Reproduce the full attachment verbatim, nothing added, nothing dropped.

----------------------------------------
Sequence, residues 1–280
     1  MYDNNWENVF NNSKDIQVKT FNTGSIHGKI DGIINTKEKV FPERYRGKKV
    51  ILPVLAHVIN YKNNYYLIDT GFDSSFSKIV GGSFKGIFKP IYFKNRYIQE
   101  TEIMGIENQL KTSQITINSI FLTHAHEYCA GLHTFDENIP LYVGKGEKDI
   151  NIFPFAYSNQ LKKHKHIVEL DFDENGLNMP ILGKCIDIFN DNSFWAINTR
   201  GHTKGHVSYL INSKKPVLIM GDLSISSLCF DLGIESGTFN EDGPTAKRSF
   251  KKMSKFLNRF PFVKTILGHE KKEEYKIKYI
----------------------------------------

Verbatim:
Sequence, residues 1–280
     1  MYDNNWENVF NNSKDIQVKT FNTGSIHGKI DGIINTKEKV FPERYRGKKV
    51  ILPVLAHVIN YKNNYYLIDT GFDSSFSKIV GGSFKGIFKP IYFKNRYIQE
   101  TEIMGIENQL KTSQITINSI FLTHAHEYCA GLHTFDENIP LYVGKGEKDI
   151  NIFPFAYSNQ LKKHKHIVEL DFDENGLNMP ILGKCIDIFN DNSFWAINTR
   201  GHTKGHVSYL INSKKPVLIM GDLSISSLCF DLGIESGTFN EDGPTAKRSF
   251  KKMSKFLNRF PFVKTILGHE KKEEYKIKYI